I’m still enjoying my planned escape, far away from home. Specifically I’m in Montreal.
In the city’s commercial districts, bilboards groan with high-profile advertising for a new interactive computer game called Beatles Rock Band. It’s an ingenious misappropriation of something that was once radical and important.
Forty years ago, John and Yoko conducted the third instalment of their Bed-In peace protest in this very city. Let us remind ourselves today that The Beatles wasn’t always an empty brand synonymous with inane, distracting tat:
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After a year out of print, Issue One of New Escapologist is now once again available.
With our new higher production values and Tim Eyre’s sensational typography, the relaunch is a highly improved version of the original.
The relaunch features our classic articles by Lord Whimsy, Judith Levine, Neil Scott and Robert Wringham and is illustrated throughout with new work by Samara Leibner.
Buy it now at the magazine shop for the limited special offer price of £3.
The Idler and New Escapologist have teamed up for “The Great Escape”: an evening of discussion, music and freewheeling anarchy.
Tom Hodgkinson (How to be Free, The Idler) and Robert Wringham (The New Escapologist) discuss practical ways to escape the banalities of modern life. This will be followed by a light hearted war-time type sing-a-long, with the audience invited to join in with the hosts on idler-themed songs.
Come along. Bring your friends.
“Escapologist” has been honoured with an official definition at Urban Dictionary.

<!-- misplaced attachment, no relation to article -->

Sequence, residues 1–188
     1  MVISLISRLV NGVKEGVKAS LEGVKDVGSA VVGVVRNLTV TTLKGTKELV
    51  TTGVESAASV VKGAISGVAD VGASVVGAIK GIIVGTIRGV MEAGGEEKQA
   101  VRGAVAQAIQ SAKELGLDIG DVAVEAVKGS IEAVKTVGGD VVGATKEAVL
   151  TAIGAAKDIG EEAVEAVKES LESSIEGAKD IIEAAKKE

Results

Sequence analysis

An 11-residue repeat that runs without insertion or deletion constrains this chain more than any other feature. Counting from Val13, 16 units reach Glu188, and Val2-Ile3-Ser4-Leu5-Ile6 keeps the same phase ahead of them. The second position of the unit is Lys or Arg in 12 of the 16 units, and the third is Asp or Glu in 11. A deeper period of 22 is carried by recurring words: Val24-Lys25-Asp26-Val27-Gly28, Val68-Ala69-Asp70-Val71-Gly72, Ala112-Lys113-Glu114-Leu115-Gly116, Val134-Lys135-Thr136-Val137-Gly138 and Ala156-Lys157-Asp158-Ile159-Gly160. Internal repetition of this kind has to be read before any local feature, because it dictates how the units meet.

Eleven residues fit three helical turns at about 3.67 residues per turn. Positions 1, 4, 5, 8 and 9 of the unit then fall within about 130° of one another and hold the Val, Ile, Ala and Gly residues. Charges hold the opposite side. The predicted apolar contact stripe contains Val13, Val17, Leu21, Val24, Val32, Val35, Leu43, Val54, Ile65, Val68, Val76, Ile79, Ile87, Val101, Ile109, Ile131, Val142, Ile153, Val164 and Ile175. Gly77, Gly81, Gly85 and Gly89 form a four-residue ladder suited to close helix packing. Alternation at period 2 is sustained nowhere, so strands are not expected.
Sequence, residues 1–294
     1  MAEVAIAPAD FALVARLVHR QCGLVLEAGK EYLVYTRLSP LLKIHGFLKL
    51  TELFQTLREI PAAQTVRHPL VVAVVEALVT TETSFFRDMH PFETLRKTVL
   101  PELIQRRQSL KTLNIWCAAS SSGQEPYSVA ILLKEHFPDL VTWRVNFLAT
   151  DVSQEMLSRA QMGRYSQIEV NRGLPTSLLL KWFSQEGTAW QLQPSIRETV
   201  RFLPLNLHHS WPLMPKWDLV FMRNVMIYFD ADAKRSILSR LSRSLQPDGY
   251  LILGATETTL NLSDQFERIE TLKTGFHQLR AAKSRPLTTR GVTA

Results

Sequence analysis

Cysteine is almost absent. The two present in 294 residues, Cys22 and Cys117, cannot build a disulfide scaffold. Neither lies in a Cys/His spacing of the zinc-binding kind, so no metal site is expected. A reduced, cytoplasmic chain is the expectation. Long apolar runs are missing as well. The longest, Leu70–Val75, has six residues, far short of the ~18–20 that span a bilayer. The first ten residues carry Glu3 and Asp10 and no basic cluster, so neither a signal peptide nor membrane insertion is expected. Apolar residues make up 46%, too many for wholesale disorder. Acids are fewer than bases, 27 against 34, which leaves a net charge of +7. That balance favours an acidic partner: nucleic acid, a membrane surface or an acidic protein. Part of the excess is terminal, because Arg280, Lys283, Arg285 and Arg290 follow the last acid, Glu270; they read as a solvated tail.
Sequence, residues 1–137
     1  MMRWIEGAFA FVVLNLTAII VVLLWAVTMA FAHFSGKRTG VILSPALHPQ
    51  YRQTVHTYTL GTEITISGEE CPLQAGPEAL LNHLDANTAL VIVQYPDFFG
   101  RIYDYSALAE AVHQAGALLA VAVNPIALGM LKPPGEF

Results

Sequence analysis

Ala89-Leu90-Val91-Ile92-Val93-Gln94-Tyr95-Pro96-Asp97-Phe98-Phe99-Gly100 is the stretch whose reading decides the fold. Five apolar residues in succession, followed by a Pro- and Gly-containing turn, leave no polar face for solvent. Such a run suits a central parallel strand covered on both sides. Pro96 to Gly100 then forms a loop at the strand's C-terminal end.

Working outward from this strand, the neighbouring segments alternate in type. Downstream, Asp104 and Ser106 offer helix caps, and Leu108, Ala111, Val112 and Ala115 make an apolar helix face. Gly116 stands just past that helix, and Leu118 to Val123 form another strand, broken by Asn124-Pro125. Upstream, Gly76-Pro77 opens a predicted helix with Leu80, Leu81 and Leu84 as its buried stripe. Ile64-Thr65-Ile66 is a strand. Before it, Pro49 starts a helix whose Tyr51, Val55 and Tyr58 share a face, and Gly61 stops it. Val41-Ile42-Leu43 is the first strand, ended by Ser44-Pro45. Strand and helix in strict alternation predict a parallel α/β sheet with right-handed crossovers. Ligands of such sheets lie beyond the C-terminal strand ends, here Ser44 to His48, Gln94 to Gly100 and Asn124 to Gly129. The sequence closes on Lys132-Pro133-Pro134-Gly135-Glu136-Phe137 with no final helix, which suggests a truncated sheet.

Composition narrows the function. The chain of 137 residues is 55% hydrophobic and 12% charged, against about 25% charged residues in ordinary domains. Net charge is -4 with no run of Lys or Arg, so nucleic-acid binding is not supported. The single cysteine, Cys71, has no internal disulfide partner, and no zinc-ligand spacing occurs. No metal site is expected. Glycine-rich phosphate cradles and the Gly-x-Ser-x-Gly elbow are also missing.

Noun. (pronounced: es’cap·ol’o·gist). One who seeks to escape the imaginary manacles of modern life: work, debt, government, leisure industries, status and anxiety.
Derived from the stage magic of Escapology. Used metaphorically.
Coined by the satirical publication, New Escapologist.
You can give this definition a ‘thumbs up’ at Urban Dictionary, though I don’t think that makes us any money or saves the world or anything.
I’m a month into my mini-retirement in Montreal. So far, so good. A typical day consists of a late rise, breakfast, bread-baking, writing, exploration of this new city and night-time festivity with new chums. I’ll write more about the joys of not working in New Escapologist Issue Three, which should be available early in the new year.
A few days ago, I enjoyed Charlie Chaplin’s Modern Times at a local cafe-theatre with live piano accompaniment from Roman Zavada.
It’s an entertaining film for Escapologists in that it sympathises with the modern escape fantasy. Chaplin’s character attempts to escape humiliating work in factories, ship yards and department stores. He also ensures a brief spell in prison where he is taken after being mistaken for a the leader of a Communist demonstration. Tellingly, Chaplin begs the jailer to keep him locked up when the subject of his future employment is raised. Prison incarceration is preferable, it seems, to the world of work!
It’s fun that the film begins with the rapidly-spinning hands of a clock. To any worker, it prompts instant identification: a watched clock is surely the truest motif of modern division-of-labour-type work. Read the rest of this entry »